When it comes to carpet cleaning, ‘staining’ and ‘soiling’ are often used interchangeably. And we can’t blame you—both of them look like the same at first glance! However, they’re technically not synonymous, and you stand to risk your investment—aka, your carpet—if you continue to confuse one for the other.
Here’s the difference between staining and soiling.
For the basics, ‘staining’ refers to a form of carpet discoloration. It happens when a substance comes into contact with your carpet. Later on, you’ll notice that the stain will dry as it embeds itself within the fibers.
This is one of the most common problems in households. You spill your hot coffee in the morning or your dog pees on the floor, and you’ll later see a pesky stain that catches everyone’s attention.
The most common culprits of staining are coffee, wine, juice (and other consumable liquids), mud, pet urine, and blood.
This form of carpet discoloration usually occurs in carpets dyed post-production. This is the traditional dye method where the fabrics are produced first before the dye gets soaked within the fibers. Nylon fibers are also vulnerable to this, as they’re a type of highly absorbent fiber.
On the other hand, solution-dyed fibers are less prone to staining. Solution-dyed fibers are colored while being manufactured. Polyester is also a great low-absorbent fiber.
‘Soiling’ is quite similar to staining, except that it isn’t caused by the same factors (which refers to spilled liquids). It is caused by a residue that accumulates more dirt on the surface that somehow discolors your carpet, too.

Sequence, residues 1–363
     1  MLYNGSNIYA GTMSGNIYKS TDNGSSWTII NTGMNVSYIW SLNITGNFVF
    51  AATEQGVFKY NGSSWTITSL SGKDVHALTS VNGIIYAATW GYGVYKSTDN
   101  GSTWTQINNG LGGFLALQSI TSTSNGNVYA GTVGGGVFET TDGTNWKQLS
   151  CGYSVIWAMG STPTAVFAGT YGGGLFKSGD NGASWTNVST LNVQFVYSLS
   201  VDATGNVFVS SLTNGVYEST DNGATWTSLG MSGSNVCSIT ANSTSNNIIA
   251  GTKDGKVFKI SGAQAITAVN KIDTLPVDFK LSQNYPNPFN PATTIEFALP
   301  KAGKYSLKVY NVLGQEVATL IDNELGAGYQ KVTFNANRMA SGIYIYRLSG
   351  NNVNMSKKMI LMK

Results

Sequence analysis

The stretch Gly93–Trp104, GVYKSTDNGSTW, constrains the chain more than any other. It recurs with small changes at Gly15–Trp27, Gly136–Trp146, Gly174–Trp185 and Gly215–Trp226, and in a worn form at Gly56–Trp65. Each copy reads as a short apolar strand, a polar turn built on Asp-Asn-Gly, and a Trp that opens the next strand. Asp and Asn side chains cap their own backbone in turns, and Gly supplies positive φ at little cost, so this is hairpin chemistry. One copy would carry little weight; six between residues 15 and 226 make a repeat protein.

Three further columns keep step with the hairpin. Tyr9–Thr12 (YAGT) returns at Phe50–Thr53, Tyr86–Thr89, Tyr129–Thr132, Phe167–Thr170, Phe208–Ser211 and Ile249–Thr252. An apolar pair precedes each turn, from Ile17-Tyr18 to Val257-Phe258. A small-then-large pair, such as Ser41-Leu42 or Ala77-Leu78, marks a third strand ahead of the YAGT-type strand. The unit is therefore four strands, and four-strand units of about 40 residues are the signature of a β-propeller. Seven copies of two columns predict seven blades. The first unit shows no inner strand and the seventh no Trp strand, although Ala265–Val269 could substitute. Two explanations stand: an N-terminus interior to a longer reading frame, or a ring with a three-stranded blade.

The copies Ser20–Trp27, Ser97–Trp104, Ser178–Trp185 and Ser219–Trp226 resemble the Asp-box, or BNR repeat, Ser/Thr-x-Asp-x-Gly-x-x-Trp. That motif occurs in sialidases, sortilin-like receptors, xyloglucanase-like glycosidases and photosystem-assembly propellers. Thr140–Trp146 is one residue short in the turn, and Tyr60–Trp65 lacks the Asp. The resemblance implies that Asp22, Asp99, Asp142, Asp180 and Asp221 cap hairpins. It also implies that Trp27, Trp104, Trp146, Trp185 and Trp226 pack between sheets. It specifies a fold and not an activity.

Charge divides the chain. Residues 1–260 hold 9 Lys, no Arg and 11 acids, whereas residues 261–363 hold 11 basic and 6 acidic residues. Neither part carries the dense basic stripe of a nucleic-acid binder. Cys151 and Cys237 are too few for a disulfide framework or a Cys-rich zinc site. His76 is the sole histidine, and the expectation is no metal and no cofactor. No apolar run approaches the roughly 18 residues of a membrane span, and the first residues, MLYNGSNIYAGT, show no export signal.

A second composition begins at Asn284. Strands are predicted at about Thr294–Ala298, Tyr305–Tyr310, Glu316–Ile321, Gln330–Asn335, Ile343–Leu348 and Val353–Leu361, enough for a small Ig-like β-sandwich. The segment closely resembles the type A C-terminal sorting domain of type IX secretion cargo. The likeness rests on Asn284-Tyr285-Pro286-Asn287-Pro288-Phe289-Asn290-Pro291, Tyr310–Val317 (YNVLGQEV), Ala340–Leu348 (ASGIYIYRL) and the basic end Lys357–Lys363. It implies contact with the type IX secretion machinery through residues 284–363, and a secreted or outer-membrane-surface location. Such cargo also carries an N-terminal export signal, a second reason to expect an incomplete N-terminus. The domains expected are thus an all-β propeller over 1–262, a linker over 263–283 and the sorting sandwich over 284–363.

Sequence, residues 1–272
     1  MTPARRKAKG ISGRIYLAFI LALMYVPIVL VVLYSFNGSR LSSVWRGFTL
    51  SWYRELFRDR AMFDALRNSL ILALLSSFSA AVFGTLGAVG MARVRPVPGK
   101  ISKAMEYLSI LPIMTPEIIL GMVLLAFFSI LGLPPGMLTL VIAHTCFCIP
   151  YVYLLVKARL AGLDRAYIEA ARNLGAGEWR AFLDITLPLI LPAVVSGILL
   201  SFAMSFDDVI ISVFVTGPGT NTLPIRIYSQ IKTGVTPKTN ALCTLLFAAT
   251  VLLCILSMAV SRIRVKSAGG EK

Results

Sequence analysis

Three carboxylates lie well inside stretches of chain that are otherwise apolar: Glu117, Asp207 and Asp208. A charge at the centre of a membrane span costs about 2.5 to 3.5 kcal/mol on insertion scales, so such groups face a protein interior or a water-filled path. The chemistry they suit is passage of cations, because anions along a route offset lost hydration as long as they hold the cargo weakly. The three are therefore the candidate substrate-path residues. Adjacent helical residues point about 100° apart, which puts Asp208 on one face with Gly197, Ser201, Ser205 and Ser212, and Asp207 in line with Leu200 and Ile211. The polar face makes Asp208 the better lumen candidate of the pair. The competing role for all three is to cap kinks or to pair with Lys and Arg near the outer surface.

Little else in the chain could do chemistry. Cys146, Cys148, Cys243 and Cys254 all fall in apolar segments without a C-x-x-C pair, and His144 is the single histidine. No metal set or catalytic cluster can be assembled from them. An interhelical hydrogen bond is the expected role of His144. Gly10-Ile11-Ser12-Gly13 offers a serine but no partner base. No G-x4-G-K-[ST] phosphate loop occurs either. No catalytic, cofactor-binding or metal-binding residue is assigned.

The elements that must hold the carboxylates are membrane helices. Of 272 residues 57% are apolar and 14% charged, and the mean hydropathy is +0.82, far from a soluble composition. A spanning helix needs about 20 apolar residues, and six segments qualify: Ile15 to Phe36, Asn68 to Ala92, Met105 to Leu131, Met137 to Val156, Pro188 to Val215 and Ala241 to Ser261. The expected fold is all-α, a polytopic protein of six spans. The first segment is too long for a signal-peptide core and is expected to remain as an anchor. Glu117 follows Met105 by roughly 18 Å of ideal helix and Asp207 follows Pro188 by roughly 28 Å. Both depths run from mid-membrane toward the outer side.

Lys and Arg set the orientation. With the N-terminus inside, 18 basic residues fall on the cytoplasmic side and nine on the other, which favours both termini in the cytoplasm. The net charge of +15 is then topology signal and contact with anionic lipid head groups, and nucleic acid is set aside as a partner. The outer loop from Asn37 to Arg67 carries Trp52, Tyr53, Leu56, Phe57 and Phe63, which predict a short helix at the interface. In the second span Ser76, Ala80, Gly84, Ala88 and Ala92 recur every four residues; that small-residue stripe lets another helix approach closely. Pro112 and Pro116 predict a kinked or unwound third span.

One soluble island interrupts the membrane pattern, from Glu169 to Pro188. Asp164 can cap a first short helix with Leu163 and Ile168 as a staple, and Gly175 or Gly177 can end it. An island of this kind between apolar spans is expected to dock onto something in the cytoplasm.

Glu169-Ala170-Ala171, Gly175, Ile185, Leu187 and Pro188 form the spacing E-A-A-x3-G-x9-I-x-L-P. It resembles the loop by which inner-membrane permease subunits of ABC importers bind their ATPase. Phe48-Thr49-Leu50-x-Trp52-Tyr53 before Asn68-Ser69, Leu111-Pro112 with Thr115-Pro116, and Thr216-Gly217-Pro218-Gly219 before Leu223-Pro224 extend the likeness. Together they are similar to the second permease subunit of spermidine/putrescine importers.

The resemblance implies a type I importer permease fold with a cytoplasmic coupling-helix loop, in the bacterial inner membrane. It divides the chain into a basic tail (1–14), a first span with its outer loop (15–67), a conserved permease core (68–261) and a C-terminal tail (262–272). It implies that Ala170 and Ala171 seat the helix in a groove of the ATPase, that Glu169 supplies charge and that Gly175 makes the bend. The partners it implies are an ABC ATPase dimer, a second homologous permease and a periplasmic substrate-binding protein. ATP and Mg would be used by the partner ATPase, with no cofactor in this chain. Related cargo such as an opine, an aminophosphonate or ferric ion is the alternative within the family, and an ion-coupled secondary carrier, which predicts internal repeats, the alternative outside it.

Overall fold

For the specifics, the main culprits of soiling are residues of spot treatment products, such as carpet stain removers. If you added a solution to clean the mess, and you didn’t thoroughly wipe it, this may also be a cause. Oily residues present on your carpet can also lead to soil build-up. It can come from the natural oils in your body that occurs when you walk barefoot.
Baby oils and cooking oils are included in this list as well.
Soiling affects fibers made from polypropylene or olefin. Essentially, this material is plastic, which is derived from oil.
Preventing and Cleaning Stains and Soils
Now that you know their differences, you’re probably curious as to how to prevent and clean both of them.
The best way to prevent stains is to avoid spilling liquids as much as possible. If you have babies and pets at home, be sure to monitor them closely!
Once you see a stain on your carpet, clean it immediately with a cleaning solution or commercial stain remover.
On the other hand, walking with socks or slippers is the most effective way to prevent soils. Don’t walk around barefoot or sit/lie down on your carpet. As mentioned, we all have natural oils in our bodies, which creates the build-up of soils!
For carpet cleaning, blot the residue as many as you can with a clean, wet towel.
Related Content: What Are The Most Effective Carpet Cleaning Methods?
The Main Takeaway
Carpet cleaning is possible with homemade solutions or commercial products. However, both of them are not effective in all carpets. If you can’t completely get rid of stains or soils after several attempts, don’t hesitate to reach out to the experts. Contact your trusted carpet cleaning company now.